Just a slight ramble and consideration of Easter customs here. First of all, there is the word Easter itself. There is only one mention of the origins of this word at all in ancient texts, and that is from the Venerable Bede (d.735 AD), who mentions that the Anglo-Saxons called the Paschal month Eostre-month, after their goddess Eostre. And that is all that is surely known about it.
Enter the philologists and folklorists in the 19th Century. They began speculating about this forgotten goddess, and adducing all sorts of traits to her. Some tried to make her a goddess of the dawn (the East), and others of spring and fertility. Eggs, hares (rabbits were foreign to Europe), flowers, and storks were all thought probable symbols for her.
There is a thing in word studies called asterisk reality. In a forgotten fragmentary language, like Gothic, many words for even common things are missing. Their likely forms can be deduced by their relationship and changes from closely related languages (such as German and English). These word forms have no proof or solid example, but are possibilities, and are said to have an asterisk reality.
From one mention in an old chronicle, the goddess Eostre was building up an asterisk reality of her own, one that in modern times, in the wild imaginations of Neo-pagans of all stripes, has grown like...er, a very uncontrolled growing thing. There is even less known about her than, say, druids, and where little is known the imagination can take some very odd flights.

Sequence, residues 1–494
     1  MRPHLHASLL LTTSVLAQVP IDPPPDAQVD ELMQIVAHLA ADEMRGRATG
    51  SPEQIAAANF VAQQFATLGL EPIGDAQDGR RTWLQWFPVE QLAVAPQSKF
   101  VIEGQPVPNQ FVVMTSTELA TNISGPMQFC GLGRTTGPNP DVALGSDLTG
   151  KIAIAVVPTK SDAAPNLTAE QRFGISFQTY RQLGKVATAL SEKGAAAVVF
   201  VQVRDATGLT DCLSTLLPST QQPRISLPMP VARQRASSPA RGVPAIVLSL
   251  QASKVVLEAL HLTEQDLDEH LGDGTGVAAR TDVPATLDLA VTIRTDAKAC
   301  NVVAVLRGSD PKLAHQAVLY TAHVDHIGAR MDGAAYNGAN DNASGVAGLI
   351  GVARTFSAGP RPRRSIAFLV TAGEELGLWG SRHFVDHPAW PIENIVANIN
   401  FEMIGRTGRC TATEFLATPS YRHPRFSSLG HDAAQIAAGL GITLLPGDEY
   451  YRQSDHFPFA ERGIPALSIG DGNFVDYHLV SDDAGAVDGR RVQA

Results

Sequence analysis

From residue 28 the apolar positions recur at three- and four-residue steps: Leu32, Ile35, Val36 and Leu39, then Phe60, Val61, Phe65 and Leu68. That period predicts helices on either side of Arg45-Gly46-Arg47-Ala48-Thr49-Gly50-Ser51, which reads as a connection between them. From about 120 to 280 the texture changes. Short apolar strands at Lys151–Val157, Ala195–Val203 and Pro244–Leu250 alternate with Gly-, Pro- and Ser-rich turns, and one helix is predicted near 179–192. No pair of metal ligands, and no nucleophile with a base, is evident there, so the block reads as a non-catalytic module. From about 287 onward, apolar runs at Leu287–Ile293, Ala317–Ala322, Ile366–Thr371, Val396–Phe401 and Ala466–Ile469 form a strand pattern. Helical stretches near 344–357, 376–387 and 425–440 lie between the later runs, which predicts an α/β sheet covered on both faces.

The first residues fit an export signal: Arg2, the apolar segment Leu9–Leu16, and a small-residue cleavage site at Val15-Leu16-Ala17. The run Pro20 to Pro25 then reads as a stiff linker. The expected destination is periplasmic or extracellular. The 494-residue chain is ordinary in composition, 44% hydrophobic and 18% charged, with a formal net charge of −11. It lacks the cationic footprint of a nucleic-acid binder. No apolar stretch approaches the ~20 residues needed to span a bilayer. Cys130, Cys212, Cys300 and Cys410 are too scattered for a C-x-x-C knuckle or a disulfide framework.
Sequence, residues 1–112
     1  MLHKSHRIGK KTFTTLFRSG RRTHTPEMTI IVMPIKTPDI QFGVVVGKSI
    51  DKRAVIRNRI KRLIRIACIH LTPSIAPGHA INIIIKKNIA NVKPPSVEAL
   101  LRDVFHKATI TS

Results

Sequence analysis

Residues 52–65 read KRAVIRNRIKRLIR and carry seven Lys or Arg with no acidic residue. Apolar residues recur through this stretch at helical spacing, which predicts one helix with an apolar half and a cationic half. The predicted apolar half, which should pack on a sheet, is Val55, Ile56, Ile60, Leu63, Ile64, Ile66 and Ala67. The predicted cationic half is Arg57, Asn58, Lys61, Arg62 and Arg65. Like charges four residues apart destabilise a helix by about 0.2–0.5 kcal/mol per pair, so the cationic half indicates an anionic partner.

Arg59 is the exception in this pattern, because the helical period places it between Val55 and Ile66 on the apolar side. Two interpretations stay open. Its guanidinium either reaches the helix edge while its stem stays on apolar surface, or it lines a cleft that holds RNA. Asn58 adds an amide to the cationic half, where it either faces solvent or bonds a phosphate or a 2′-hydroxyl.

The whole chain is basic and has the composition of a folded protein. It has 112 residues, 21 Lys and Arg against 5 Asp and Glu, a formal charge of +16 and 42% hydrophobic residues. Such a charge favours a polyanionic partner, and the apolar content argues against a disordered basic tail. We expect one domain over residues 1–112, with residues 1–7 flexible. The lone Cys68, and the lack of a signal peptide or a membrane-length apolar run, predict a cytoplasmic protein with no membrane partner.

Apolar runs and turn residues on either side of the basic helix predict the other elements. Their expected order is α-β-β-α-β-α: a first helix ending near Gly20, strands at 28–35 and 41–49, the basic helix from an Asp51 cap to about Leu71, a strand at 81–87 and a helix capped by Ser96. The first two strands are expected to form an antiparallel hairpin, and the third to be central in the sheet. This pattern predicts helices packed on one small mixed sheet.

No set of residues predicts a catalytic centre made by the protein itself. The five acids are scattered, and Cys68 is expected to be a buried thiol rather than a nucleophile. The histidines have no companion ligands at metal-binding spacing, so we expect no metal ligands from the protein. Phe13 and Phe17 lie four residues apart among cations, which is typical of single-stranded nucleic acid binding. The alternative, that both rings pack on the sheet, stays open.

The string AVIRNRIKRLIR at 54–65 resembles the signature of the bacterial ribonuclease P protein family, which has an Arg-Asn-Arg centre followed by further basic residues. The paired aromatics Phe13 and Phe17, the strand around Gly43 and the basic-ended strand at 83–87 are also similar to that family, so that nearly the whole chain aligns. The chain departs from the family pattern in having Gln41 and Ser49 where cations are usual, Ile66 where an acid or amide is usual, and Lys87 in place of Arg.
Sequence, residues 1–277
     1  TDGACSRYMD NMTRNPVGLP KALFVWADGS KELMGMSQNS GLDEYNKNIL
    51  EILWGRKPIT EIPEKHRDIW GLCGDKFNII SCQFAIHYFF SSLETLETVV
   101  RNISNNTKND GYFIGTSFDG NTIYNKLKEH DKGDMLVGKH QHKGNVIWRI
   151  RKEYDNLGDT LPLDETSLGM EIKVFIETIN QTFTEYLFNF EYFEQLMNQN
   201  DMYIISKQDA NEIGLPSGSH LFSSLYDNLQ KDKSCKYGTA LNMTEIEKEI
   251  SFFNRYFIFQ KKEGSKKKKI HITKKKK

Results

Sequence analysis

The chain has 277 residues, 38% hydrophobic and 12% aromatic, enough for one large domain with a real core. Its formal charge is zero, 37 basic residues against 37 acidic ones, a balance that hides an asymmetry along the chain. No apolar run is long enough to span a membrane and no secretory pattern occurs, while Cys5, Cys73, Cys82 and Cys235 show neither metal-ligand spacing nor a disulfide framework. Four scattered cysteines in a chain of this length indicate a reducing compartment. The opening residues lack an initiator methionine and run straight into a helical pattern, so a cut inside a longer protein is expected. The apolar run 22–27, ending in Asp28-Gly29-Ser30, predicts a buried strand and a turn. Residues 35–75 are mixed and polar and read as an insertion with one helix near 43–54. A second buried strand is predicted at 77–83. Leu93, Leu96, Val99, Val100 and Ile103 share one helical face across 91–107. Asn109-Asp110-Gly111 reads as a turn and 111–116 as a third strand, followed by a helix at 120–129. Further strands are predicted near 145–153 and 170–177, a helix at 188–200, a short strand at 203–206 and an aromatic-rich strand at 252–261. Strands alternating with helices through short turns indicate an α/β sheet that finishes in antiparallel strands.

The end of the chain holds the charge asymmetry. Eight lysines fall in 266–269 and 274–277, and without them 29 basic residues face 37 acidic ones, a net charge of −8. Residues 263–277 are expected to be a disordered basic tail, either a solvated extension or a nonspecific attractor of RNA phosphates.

Of perhaps even more tenuous speculation is the connection of Easter with rabbits and eggs. Just about every culture from South America to India has seen the shape of a rabbit or hare on the moon, and it is particularly observable on the Paschal moon, which of course is brightly colored and very full. The fact that it occurs in spring when eggs are abundant and hares and rabbits are--ahem--busy, and that their birth cycle is approximately one lunar month, couldn't hurt to connect them.
As I say, just a few thoughts and ramblings, rather far from the true significance of the day. But there you are.